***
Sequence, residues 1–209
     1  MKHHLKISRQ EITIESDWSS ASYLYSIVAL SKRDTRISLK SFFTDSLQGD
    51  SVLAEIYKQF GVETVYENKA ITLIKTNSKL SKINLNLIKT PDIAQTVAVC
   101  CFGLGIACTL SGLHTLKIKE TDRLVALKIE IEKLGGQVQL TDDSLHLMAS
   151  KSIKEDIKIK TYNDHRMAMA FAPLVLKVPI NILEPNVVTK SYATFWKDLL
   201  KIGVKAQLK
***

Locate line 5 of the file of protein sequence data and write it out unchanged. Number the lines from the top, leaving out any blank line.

   151  KSIKEDIKIK TYNDHRMAMA FAPLVLKVPI NILEPNVVTK SYATFWKDLL